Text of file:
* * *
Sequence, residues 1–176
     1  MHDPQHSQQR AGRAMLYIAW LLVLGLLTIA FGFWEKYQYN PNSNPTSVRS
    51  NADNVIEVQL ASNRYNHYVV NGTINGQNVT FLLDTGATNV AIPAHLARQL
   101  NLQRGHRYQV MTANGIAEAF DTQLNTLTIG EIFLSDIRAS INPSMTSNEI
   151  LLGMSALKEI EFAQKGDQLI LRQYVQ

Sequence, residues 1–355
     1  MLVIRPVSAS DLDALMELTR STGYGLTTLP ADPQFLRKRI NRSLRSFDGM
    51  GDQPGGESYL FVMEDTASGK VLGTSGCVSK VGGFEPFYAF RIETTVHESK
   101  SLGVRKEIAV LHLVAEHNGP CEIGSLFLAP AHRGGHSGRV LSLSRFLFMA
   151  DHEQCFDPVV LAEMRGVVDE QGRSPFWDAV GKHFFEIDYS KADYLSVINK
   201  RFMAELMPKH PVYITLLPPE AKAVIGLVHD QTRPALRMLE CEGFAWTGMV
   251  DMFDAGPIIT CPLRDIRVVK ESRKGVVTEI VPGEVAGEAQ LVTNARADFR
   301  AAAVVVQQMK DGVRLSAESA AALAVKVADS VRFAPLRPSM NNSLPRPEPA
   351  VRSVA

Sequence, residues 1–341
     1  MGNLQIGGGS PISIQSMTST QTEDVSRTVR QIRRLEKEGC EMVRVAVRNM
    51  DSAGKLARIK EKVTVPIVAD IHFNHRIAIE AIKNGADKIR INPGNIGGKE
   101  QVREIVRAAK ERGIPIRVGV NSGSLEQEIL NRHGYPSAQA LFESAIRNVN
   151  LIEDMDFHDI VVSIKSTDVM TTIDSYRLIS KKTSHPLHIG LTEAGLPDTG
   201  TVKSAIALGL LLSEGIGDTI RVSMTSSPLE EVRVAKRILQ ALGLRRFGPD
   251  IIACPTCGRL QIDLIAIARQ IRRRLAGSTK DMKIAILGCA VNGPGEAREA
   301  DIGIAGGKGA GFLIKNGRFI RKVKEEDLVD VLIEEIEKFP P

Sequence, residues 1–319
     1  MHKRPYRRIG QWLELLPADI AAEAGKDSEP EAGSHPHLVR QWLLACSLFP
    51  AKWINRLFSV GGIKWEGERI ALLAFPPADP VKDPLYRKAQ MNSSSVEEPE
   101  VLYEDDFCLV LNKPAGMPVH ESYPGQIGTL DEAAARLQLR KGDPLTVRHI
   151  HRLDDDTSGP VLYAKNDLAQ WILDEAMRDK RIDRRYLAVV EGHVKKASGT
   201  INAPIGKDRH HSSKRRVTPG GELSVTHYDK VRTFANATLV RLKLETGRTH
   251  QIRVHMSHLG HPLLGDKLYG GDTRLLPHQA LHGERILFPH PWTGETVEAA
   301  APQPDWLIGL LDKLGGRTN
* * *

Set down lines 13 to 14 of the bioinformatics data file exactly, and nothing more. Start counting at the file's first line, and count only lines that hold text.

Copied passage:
   301  AAAVVVQQMK DGVRLSAESA AALAVKVADS VRFAPLRPSM NNSLPRPEPA
   351  VRSVA